Or… we can change course and become more like Christ, who told the rich young man to sell all he had, give it to the poor and follow Him. What part of that do we not understand?
A friend, Norm Grey, recently wrote me this very thoughtful note, which I think puts greed (and its opposite) into perfect perspective:
"It's funny that just this weekend I thought, 'Wow, just a few more weeks and It's A Wonderful Life will be on again.'
"I know I can get it any time. But it's like sledding, it's so much more appropriate in December than July.
"As I get older, and older and older, beautiful things make me cry even more than not so beautiful things.
"While, like people who go to cult movies recite the script with the actors, I can just about do that with this movie. I still get a lump in my throat - many times - and just as many times, tears run down my cheeks.
"The reason is, I think, the loss of innocence (which has been around since the second generation of cavemen) but even more, the sense of community that once was.
"I know things were not so rosy… ever. Greed has existed since Cain and Abel and even the serpent.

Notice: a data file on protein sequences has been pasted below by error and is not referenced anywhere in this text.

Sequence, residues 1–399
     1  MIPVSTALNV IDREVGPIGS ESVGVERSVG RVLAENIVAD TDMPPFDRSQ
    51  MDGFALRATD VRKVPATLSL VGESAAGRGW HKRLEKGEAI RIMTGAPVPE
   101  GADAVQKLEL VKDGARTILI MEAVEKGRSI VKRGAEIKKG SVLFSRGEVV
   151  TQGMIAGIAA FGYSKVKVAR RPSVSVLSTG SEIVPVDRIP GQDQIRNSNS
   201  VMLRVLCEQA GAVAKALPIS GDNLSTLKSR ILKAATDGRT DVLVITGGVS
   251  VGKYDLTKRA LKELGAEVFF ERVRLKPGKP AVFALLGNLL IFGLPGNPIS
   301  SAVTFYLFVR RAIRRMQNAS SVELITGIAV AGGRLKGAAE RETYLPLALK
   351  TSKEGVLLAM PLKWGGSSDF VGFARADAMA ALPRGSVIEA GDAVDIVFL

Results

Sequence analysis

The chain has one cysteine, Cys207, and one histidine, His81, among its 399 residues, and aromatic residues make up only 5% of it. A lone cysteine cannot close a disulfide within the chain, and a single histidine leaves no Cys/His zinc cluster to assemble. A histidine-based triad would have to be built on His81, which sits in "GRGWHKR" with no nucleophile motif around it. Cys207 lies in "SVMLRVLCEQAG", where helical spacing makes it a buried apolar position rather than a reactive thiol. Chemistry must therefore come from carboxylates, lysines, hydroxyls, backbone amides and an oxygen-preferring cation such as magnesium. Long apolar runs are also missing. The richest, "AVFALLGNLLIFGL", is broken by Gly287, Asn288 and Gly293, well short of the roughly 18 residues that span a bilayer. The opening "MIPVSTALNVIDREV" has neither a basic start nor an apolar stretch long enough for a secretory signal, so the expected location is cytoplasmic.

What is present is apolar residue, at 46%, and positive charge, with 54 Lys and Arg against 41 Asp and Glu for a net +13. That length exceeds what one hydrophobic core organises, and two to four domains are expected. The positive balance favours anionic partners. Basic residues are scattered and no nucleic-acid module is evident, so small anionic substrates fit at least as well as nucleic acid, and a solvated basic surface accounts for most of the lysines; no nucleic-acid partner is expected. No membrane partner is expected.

"Bigotry and robbery and other crimes against our fellow humans are not recent failings.
"But I was a five-year-old during the 2nd World War. And I remember, even the home front and even little kids 'fought' that war together.
"We had scrap drives. No new cars were designed or built. You couldn't get basic creature comforts.
"Today, while men and women are dying in Afghanistan, we're more concerned about what color car to buy. And whether the Falcons can win a game or not.
"Thanks again, for everything, Waitsel. Keep being George Bailey. I'm trying to be him too."
What insight, and what a compliment! To keep being George Bailey. I want you to keep being him, too.
Happy Thanksgiving. Happy Hanukkah. Merry Christmas. Let's make this holiday season one of giving to those who cannot give back.
Waitsel Smith, December 2, 2013
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Text © 2013 Waitsel Smith. All Rights Reserved.